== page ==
Jan 30, 2017
‘LED Guy’ knows his lighting, and has low bills to prove it
North Delta man has replaced one LED since installing 124 back in 2012
“I got tired of replacing bulbs.”
– Paul DeMara, February, 2012
When Paul DeMara contacted BC Hydro five years ago, he was a pioneer with a plan. Armed with a meticulously-prepared spreadsheet and a lust for technology, he made the bold calculation that he would save $11,000 over 20 years by replacing 124 incandescent bulbs in his North Delta home with energy-saving LEDs.
So we checked the math with one of our engineers, who confirmed that the numbers looked correct and that DeMara stood to pay off his brash investment in LEDs – $3,000 – within four years.
“It took about three and a half years to pay it off,” says DeMara. “And today, it would be quicker, because the cost of bulbs has gone down. The bulbs I purchased were mostly about $15 with the BC Hydro instant rebate I got. You can get them for a lot less now.”
DeMara says his typical power bill before his switch to LEDs five years ago was about $120 to $130 a month. “Now I’m typically at about $55 or less,” he says.
While DeMara admits to having more than the typical number of audio and other devices in the home – “I’m a techy guy” – his bill doesn’t include heating. He uses gas for his heating, and managed to cut those costs, too, by installing a super-efficient gas furnace a few years back.
Long-term savings of LEDs enhanced by how long they last
Vital to DeMara’s projection of $11,000 in savings over 20 years is the much longer life of an LED bulb. Most ENERGY STAR® LEDs are expected to last 20 years or more under typical usage, which means it will be a long time before he has to pay money to replace a bunch of LEDs.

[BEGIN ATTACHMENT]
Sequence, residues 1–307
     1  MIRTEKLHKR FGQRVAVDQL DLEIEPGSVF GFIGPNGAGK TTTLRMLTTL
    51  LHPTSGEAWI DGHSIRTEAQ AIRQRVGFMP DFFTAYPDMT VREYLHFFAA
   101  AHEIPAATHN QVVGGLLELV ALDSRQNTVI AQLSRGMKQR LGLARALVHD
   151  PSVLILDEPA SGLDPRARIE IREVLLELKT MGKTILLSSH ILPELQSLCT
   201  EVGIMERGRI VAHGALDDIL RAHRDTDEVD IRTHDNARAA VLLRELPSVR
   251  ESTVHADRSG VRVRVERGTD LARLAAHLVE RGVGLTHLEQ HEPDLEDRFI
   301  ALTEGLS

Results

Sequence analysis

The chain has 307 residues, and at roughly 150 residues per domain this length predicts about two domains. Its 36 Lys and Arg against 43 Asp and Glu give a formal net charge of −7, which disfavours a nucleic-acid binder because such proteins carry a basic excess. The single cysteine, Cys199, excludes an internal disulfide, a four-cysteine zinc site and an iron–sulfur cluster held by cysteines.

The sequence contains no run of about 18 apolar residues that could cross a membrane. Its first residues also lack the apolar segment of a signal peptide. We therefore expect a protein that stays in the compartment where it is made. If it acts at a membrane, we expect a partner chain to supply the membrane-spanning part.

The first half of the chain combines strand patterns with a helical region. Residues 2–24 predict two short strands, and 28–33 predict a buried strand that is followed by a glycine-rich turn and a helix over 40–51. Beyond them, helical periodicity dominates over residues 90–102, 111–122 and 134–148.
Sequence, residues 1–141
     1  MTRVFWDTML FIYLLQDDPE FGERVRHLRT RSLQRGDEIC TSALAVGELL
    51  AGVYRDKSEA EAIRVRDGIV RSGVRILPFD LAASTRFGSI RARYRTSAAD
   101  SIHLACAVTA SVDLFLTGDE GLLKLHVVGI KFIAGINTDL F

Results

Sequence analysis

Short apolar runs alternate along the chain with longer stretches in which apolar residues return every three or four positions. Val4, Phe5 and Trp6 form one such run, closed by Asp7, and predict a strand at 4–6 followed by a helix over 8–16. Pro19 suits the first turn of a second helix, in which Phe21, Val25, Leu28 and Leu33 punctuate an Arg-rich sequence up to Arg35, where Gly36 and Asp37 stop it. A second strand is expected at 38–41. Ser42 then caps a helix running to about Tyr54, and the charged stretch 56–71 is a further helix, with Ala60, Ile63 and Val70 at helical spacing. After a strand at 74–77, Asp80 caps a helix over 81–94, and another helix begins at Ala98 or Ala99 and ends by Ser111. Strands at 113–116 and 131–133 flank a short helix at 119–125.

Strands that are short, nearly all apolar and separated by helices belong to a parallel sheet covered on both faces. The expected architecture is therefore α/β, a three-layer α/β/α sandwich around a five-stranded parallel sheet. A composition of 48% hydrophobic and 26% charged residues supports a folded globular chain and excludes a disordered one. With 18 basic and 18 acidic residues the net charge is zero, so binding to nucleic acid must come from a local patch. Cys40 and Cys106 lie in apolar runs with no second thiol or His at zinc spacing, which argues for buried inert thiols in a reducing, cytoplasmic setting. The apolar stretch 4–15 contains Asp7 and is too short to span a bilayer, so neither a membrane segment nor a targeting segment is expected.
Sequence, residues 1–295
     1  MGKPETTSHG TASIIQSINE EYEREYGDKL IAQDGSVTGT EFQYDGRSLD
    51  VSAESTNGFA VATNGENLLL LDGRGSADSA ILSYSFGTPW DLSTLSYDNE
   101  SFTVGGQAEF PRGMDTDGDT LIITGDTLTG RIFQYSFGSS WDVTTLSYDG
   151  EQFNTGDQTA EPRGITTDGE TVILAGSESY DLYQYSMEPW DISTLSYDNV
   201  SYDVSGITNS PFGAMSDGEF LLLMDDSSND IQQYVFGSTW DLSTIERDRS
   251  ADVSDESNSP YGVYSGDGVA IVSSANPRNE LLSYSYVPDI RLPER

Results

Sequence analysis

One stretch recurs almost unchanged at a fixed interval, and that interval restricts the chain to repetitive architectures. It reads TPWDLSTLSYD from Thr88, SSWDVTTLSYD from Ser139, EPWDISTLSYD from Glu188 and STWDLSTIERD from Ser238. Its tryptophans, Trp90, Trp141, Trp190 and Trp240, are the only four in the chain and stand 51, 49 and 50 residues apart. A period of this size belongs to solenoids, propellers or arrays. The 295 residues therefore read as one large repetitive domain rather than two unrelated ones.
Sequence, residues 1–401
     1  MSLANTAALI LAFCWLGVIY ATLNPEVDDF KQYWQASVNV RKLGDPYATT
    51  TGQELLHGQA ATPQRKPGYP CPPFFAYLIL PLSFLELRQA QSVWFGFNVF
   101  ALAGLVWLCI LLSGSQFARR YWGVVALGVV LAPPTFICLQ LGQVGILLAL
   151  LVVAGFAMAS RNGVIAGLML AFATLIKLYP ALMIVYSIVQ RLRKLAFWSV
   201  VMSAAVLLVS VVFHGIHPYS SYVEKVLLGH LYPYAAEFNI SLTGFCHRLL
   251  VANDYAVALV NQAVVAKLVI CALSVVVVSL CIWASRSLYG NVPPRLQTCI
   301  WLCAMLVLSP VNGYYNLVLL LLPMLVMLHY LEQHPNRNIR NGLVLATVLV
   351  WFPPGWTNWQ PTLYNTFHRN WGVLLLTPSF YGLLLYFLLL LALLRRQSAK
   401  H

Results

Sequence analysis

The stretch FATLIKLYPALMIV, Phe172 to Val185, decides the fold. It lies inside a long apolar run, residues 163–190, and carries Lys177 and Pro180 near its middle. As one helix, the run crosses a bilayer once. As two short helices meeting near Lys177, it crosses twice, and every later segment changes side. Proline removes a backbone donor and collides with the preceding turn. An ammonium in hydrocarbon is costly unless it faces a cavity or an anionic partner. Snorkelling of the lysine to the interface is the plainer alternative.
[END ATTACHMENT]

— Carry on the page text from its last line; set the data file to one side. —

“It’s been a real tough struggle to keep track of all the failed bulbs so far,” he says with a chuckle. “I had one. And I’m pretty sure the power supply in it failed, not the LED itself.”
Not all LEDs are created equal. Look for the ENERGY STAR symbol and check the life expectancy information on the package.
Colour temperature matters: Tips on selecting the right LED
Before DeMara bucked up for his all-LED swap five years ago, he did research into colour temperature in LEDs. He has selected lighting to ensure it fits the mood, and tasks, of each room. And in one room, he has the ability to program and change the mood via his smartphone.
DeMara opted to go with a series of dimmable, colour-adjustable, Philips Hue lights in a downstairs room where he and his wife hang out, listen to music or play poker.
“Downstairs, I can set the mood,” he says. “I can go with 2700 degrees Kelvin, or switch to 2200K, which is a real soft, brown look. And I have one profile where all the lights are different so that every bulb puts out a different colour and just looks cool.”
Choosing light temperature is about personal taste, and DeMara declares up front that he’s no fan of the “daylight” temperature bright blues known as cool colours. He chooses 2700K (“A warmer, nicer look”) for the bedroom, and 3000K for the hallways, living room and kitchen. And because he has read plenty about how bright lights can interrupt sleep, he has installed a series of red LEDs to give a bit of light on the ceiling of the bedroom – “Just enough to make our way around at night” – plus a one-watt LED in the ensuite bathroom that stays on all the time and which costs him an estimated five cents a month.
Don’t forget to check a light’s CRI rating
Demara learned way back in 2011 that LEDs with a low Colour Rendering Index rating (CRI) – anything below 90 – made things look “dull and lifeless.”
“You’re probably going to be looking at that LED light you just bought for 20 to 25 years, so why not get something that produces nice looking light?” he says.
As a rule of thumb, he’s found that if a manufacturer doesn’t indicate CRI on the packaging, it’s likely that the CRI is usually low. “You get what you pay for,” he says.
And if he has one tip above all, it’s to set up as many bulbs as possible with dimmers.
“If you turn it down to like 85%, you save 50% on electricity,” he says. “That last 15% is where you get nailed.”